These are the collection buckets we used to raise money for the Hope Foundation. Gavin, Jerry, Esha and I have variously waved these buckets at the very many generous people of Cashel, Thurles and various Tipperary townlands. We brought them to Rugby matches in Dublin and Limerick, and to Hurling games in Semple Stadium. They have seen the warm days of summer and the cold dark days of winter.
They have earned a proud position in my “Bucket List” as they contain many great memories of a good year.
Four years ago my oldest son Jerry participated in the trip to Kolkata with Rockwell College. He documented his journey on his blog:
This year it was all about my younger son, Gavin, who made his own trip, which he recorded on wordpress, twitter, snapchat, etc. His fundraising exploits are on his wordpress site:
PLEASE DO NOT SEND THEM MONEY. They have finished their trips and made their visits to Kolkata. But if you would like to support the fabulous work of the Hope Foundation feel free to do so at their site:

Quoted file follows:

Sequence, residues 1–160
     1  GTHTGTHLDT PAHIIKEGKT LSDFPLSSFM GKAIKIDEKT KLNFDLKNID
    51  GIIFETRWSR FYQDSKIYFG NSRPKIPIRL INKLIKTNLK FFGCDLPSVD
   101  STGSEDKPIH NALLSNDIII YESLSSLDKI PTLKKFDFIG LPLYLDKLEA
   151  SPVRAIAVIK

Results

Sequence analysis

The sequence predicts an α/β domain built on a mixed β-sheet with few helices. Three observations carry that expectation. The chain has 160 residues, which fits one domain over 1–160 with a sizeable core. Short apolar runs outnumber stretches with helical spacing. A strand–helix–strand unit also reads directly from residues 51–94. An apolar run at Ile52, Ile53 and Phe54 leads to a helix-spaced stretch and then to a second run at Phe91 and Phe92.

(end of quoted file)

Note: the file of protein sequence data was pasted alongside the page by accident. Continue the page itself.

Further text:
What I like about the Hope Foundation is that it is a charity that strives to make itself useless. What do I mean by that?
Some charities operate in a way that perpetuates dependency. Their business is to “help” disadvantaged people. But if they are “too successful” there will be no poor people left to help and they will effectively be out of business. Self-perpetuating charities are not things I like, or appreciate.
I am very much of the mind to take people out of dependency. This is where Hope operate. They focus on educating kids to escape the cycle of slum living. They help the parents to escape the cycle by supporting small enterprises, and by freeing up the parents to work by caring for the kids in crèches. The greatest day for Hope Foundation will be when they can happily close down their facilities in Kolkata because their job is done.
That is not a pipedream. It can happen.
As my son Jerry reminds me frequently “Give a man a Hamburger and he eats for a day. Teach him to Hamburger, and that metaphor only works for Fish”.
The Fish: by William Butler Yeats
Although you hide in the ebb and flow
Of the pale tide when the moon has set,
The people of coming days will know
About the casting out of my net,
And how you have leaped times out of mind
Over the little silver cords,
And think that you were hard and unkind,
And blame you with many bitter words.